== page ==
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I have a 70x70 numpy ndarray, which is mainly diagonal. The only off-diagonal values are the below the diagonal. I would like to make the matrix symmetric.

As a newcomer from Matlab world, I can't get it working without for loops. In MATLAB it was easy:

W = max(A,A')

where A' is matrix transposition and the max() function takes care to make the W matrix which will be symmetric.

Is there an elegant way to do so in Python as well?

EXAMPLE The sample A matrix is:

1 0 0 0
0 2 0 0
1 0 2 0
0 1 0 3

The desired output matrix W is:

1 0 1 0
0 2 0 1
1 0 2 0
0 1 0 3
27

Found a following solution which works for me:

import numpy as np
W = np.maximum( A, A.transpose() )
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  • The problem is that if your matrix A is large, then this wastes a lot of space, because I suppose it creates a second matrix, or does it not? – Radio Controlled Apr 9 '19 at 6:56
4

Use the NumPy tril and triu functions as follows. It essentially "mirrors" elements in the lower triangle into the upper triangle.

import numpy as np
A = np.array([[1, 0, 0, 0], [0, 2, 0, 0], [1, 0, 2, 0], [0, 1, 0, 3]])
W = np.tril(A) + np.triu(A.T, 1)

tril(m, k=0) gets the lower triangle of a matrix m (returns a copy of the matrix m with all elements above the kth diagonal zeroed). Similarly, triu(m, k=0) gets the upper triangle of a matrix m (all elements below the kth diagonal zeroed).

To prevent the diagonal being added twice, one must exclude the diagonal from one of the triangles, using either np.tril(A) + np.triu(A.T, 1) or np.tril(A, -1) + np.triu(A.T).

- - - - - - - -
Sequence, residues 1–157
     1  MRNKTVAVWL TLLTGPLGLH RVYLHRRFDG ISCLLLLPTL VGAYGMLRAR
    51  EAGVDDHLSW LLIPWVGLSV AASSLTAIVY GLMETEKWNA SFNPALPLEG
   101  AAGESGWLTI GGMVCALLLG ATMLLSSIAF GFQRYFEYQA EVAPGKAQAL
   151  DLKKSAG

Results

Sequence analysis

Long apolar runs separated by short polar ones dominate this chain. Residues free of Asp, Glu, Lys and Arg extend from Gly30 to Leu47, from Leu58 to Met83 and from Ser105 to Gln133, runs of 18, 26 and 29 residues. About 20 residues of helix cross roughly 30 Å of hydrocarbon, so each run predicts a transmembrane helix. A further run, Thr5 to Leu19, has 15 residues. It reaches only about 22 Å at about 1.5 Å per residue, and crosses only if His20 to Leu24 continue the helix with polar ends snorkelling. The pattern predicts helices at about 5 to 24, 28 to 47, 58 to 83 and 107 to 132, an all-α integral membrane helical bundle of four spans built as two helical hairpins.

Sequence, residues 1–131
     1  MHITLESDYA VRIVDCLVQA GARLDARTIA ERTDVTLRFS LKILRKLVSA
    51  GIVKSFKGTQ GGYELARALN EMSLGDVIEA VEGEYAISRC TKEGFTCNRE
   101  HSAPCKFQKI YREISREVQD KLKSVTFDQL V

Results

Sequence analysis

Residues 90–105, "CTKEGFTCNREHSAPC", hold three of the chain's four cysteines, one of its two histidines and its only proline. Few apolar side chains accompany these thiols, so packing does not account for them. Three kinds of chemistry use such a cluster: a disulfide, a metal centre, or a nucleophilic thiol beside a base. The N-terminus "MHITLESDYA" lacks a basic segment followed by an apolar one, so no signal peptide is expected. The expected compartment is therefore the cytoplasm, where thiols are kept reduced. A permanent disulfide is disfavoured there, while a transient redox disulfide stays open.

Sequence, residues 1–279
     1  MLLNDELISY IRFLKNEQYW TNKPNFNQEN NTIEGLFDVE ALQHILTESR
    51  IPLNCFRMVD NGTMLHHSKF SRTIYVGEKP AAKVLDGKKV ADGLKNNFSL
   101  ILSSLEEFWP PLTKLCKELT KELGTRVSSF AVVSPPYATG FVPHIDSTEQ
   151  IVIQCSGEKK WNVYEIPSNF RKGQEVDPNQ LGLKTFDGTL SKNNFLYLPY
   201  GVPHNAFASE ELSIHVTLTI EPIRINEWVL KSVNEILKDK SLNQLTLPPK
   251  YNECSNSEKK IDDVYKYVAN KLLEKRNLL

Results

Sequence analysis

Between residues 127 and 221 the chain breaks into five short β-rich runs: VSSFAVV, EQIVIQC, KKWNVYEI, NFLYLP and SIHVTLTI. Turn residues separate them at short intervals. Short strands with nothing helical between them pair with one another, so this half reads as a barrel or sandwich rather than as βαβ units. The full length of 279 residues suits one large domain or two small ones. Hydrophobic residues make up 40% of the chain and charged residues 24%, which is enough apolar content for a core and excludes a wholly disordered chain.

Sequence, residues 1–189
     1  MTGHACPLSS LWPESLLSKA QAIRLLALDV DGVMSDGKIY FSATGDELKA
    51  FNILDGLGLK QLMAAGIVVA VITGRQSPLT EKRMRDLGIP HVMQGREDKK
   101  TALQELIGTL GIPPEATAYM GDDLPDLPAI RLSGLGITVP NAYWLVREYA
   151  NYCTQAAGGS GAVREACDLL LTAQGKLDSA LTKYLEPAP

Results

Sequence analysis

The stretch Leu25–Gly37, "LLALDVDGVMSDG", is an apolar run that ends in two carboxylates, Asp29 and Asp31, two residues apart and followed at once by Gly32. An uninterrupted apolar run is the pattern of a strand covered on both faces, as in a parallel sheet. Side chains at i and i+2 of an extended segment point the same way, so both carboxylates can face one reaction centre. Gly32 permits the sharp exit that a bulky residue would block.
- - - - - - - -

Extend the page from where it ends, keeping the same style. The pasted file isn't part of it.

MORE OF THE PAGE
Also note that this behaves slightly differently to using maximum. All elements in the upper triangle are overwritten, regardless of whether they are the maximum or not. This means they can be any value (e.g. nan or inf).

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2

For what it is worth, using the MATLAB's numpy equivalent you mentioned is more efficient than the link @plonser added.

In [1]: import numpy as np
In [2]: A = np.zeros((4, 4))
In [3]: np.fill_diagonal(A, np.arange(4)+1)
In [4]: A[2:,:2] = np.eye(2)

# numpy equivalent to MATLAB:
In [5]: %timeit W = np.maximum( A, A.T)
100000 loops, best of 3: 2.95 µs per loop

# method from link
In [6]: %timeit W = A + A.T - np.diag(A.diagonal())
100000 loops, best of 3: 9.88 µs per loop

Timing for larger matrices can be done similarly:

In [1]: import numpy as np
In [2]: N = 100
In [3]: A = np.zeros((N, N))
In [4]: A[2:,:N-2] = np.eye(N-2)
In [5]: np.fill_diagonal(A, np.arange(N)+1)
In [6]: print A
Out[6]: 
array([[   1.,    0.,    0., ...,    0.,    0.,    0.],
       [   0.,    2.,    0., ...,    0.,    0.,    0.],
       [   1.,    0.,    3., ...,    0.,    0.,    0.],
       ..., 
       [   0.,    0.,    0., ...,   98.,    0.,    0.],
       [   0.,    0.,    0., ...,    0.,   99.,    0.],
       [   0.,    0.,    0., ...,    1.,    0.,  100.]])

# numpy equivalent to MATLAB:
In [6]: %timeit W = np.maximum( A, A.T)
10000 loops, best of 3: 28.6 µs per loop

# method from link
In [7]: %timeit W = A + A.T - np.diag(A.diagonal())
10000 loops, best of 3: 49.8 µs per loop

And with N = 1000

# numpy equivalent to MATLAB:
In [6]: %timeit W = np.maximum( A, A.T)
100 loops, best of 3: 5.65 ms per loop

# method from link
In [7]: %timeit W = A + A.T - np.diag(A.diagonal())
100 loops, best of 3: 11.7 ms per loop
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  • It's roughly 3x times. Does it hold for larger matrices, say 100x100 or 1000x1000? – Vladislavs Dovgalecs Mar 6 '15 at 22:14
  • @xeon I added timings for the sizes you mentioned. These timings are on my machine, YMMV. The difference of ~2x comes from the number of operations performed. Both use numpy objects and numpy methods. Similar to MATLAB, numpy was designed to optimize matrix operations so numpy methods are typically the most efficient. – Steven C. Howell Mar 6 '15 at 22:34
  • I swapped A.transpose() for A.T to point out they are the same and one requires less typing (docs.scipy.org/doc/numpy/reference/generated/…). – Steven C. Howell Mar 6 '15 at 22:37

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